where that balance is struck, in terms of whether it erodes ICANN's own ability 
to further those objectives.  We submit that whatever short term disruption may 
result to private DNS applications leaking into the public DNS root are best 
addressed by the affected network operators at this time.  In the long term, 
security and stability is best served by addressing improper design assumptions 
on a distributed basis now, rather than to encourage erosion of ICANN's 
coordinating function by deferring to uncoordinated activity outside of the 
ICANN process, and thus limiting competition and consumer choice as well.

Other Comments Submitted

Uniregistry is in with the comment entitled  "Mandatory Notifications are 
Ineffective and Risky" submitted by Daniel Karrenberg of RIPE NCC 

Uniregistry further agrees with much of the material in "Donuts Comment 
Regarding Proposal to Mitigate Name Collision Risks"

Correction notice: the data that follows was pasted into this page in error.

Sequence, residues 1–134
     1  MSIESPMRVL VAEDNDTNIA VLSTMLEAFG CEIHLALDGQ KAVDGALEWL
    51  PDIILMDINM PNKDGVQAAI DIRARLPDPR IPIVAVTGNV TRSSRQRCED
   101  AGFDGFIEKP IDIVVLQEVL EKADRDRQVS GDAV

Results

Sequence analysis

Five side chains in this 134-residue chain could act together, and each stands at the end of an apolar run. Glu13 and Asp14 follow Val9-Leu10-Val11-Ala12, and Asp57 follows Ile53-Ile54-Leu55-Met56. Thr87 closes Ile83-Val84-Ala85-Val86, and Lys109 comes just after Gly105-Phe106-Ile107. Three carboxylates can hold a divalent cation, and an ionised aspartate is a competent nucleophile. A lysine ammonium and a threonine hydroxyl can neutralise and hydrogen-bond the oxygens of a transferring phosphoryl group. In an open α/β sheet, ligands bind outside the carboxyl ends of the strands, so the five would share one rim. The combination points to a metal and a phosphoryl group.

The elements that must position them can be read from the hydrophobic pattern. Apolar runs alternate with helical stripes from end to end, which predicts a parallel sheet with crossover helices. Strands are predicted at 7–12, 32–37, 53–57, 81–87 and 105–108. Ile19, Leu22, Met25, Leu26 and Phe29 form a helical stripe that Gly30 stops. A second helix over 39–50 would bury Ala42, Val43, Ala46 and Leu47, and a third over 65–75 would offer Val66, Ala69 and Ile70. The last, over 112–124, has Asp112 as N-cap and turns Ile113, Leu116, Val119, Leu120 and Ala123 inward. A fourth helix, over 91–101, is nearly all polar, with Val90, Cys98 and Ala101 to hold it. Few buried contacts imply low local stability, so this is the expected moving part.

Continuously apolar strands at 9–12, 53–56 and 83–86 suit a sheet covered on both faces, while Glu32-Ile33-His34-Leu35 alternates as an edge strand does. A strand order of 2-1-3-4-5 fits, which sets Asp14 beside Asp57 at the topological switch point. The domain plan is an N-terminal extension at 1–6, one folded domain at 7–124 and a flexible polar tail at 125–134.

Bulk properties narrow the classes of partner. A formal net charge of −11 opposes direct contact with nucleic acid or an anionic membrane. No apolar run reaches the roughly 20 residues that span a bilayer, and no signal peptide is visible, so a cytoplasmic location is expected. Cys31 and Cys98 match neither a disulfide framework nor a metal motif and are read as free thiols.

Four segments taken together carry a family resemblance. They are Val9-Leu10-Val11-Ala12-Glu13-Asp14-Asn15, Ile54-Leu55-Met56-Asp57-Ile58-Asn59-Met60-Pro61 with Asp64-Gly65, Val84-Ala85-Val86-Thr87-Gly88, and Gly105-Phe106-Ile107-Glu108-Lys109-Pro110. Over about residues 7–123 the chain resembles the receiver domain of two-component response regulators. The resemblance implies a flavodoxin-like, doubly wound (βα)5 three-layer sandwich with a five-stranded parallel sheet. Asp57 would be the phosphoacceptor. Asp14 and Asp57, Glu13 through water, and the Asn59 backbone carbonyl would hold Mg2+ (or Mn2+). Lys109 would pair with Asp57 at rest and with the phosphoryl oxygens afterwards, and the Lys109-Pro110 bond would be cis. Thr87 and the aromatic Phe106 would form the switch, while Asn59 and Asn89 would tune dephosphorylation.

with the caveat that the Interisle study was not hasty or flawed, as suggested 
by Donuts.  However, the Interisle study should be considered as having opened 
a discussion rather than precluding one.  Moreover, we are unwilling to 
speculate that the raw data used by that study has been subject to intentional 
manipulation by third parties.

We also agree with DotHome Inc's insightful comment on "Name Collision" posted 

    - - - -

Finally, Uniregistry would like to thank the members of the Interisle study 
team.  We believe that they have indeed identified possible risks to certain 
parties operating outside of ICANN principles embodied in ICP-3. We accept the 
Interisle study as an unbiased and factual assessment, and we look at the 
Interisle report as an opportunity for ICANN to confirm its commitment to its 
mandated objectives, policies and principles.

Bret Fausett, Esq.
Counsel to Uniregistry, Corp.
Internet Pro APC
4640 Admiralty Way, 5th Floor
Marina del Rey, California 90292
(310) 496-5755 (Office) | (310) 985-1351 (Mobile)